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Three Fantastic Reasons To Consider Adopting Older Children

Although some parents choose to adopt children of a specific age, others are less concerned. In fact, for many adoptive parents, the primary concern is that the child be in need of a home and a good fit for what they are able to offer. Unfortunately, the fact that many adoptive parents don’t want to miss infancy and toddlerhood means that older children can sometimes be more difficult to place. If you’re in the process of deciding whether or not adopting a child is right for you, read through these great reasons to choose an older child or teen. 

The Most Important Reason: They Really Need You

It’s a sad fact that, the older a child becomes, the less likely they are to enjoy a successful adoption. Older children frequently get cycled through the DCFS system, hopping from foster carer to group home and back again. Research has even shown that these children tend to age out of the system directly, suddenly being dropped on their own two feet at the age of 18.

As is the case for many children, many simply aren’t ready–and having a lack of stability in early life can put them at high risk for drug and alcohol abuse, homelessness, or chronic poverty.

The book, “Achieving Permanence for Older Children and Youth in Foster Care,” does an excellent job of highlighting why getting these children into stable homes is so important. It highlights how having a sense of permanence and being able to create “roots” with a family can help to provide them with the stability needed to move forward successfully. It also ensures that the adoptee gets to experience normalcy, gaining an understanding of what they should be striving for as healthy adults.

Better yet, having a family before they venture out into the world can mean having the opportunity to experience familial love and protection for what may really be the first time. This can instill the self-esteem, confidence, and security needed to make healthy decisions and healthy connections.

They Get to Be Part of the Decision-Making Process

For younger children, this is commonly not the case–placements are generally issued by the agency. While this is necessary, it can sometimes leave children feeling unimportant or detached from the new family. When you start the adventure required to adopt an older child, chances are they’ll be part of the decision-making process. This is especially true if you plan to adopt a teen. 

Generally, both adoption agencies and the courts will encourage the older child to be an active part of their adoption. Although it may seem questionable to allow a child to have a say, giving him or her a bit of control over their future can actually be very helpful. Doing so allows them to feel as if they are in control of their lives.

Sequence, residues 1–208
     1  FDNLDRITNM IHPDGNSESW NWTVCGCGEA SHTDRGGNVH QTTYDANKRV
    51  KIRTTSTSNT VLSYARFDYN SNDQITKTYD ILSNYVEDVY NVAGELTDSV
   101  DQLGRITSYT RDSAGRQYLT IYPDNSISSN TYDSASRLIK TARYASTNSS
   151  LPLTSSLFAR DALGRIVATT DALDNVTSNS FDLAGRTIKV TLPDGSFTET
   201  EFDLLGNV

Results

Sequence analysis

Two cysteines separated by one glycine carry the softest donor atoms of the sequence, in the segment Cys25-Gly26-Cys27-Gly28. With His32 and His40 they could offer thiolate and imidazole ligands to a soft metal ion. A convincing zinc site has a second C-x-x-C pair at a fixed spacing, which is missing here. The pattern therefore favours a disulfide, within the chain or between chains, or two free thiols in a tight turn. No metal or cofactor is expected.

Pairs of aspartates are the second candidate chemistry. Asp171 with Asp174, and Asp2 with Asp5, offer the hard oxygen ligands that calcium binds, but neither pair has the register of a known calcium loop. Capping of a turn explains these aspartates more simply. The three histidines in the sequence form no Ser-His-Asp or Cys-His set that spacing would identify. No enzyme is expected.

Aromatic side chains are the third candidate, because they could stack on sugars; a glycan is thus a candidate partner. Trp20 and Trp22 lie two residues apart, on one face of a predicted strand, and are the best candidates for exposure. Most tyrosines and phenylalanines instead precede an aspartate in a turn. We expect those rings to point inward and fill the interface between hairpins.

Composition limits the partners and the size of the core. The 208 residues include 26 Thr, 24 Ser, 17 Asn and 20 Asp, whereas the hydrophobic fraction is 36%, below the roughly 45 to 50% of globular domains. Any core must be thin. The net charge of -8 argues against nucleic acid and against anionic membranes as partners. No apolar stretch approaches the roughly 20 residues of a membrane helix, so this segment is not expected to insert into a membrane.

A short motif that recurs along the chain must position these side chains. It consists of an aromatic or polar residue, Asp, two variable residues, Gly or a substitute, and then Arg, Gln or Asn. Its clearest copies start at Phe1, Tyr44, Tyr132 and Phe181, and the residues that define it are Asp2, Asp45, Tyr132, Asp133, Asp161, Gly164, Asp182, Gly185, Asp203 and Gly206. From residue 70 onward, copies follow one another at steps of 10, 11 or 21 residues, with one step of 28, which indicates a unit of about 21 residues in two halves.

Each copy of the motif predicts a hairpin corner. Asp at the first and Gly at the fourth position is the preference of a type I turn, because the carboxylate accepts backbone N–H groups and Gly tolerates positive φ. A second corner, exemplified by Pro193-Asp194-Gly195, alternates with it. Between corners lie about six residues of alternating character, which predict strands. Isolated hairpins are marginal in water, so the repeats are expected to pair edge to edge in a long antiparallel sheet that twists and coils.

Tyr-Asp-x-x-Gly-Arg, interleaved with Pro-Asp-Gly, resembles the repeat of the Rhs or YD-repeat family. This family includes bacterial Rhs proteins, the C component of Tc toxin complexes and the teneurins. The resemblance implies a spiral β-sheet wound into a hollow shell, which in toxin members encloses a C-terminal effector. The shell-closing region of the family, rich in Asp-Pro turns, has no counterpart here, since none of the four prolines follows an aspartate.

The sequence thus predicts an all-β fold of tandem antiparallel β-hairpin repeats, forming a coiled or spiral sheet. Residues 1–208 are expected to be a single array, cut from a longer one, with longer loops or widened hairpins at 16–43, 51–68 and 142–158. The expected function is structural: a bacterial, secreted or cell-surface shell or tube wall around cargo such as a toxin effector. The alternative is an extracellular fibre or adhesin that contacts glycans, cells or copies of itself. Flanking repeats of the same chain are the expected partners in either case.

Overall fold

Instead of the decision being taken out of their hands and a placement issued, they can actively work with you to develop a relationship before the full transition occurs. You will get to know your child, and he or she will get to know you. Through this process, a bond can be developed before the full transition occurs. There’s also more time to develop trust between the family and the child, ensuring that neither are blindsided by issues after the adoption occurs.

The importance of trust cannot be understated: many older adoptees have experienced abuse, neglect, or severe instability throughout their lives. Keeping the child involved will help to ensure that things move forward at a pace that is most comfortable for them, preventing issues down the road. The bonding process isn’t always easy–you’ll no doubt have at least a few challenging experiences–but it’s almost always healthier for the child.

You May Be Their Last Chance

For children who are coming up on age 15 or older, the fact that they may never be settled with a family can be frightening. While many do become accustomed to living in foster or group homes, these are never a true match for a stable, permanent family. An article by CNN highlights that over 23,000 children simply aged out of care in 2012–a startling percentage of the over 200,000 introduced to care in the same year.

What happens to these children?

The statistics aren’t good:

  • One in five children will become homeless after 18
  • Just half of children over 24 will be able to hold down a job
  • Fewer than 3% of children will make it through college or university
  • Over 70% of women will experience early pregnancy before the age of 21
  • The rate of post-traumatic stress disorder in these children has been identified at nearly one in four

These statistics are why emancipated children are automatically considered high-risk teens and young adults in many areas of the United States. By adopting an older child, you may very well be helping to reduce the risk that they will experience serious challenges like jail time, drug addiction, or even the loss of their own child later in life.

Older children are every bit as deserving of your love as adorably cute infants and toddlers. In many ways, they come with their own unique set of rewards and experiences. If you would like to discuss whether adoption is right for you, contact a licensed adoption agency  through this link today.

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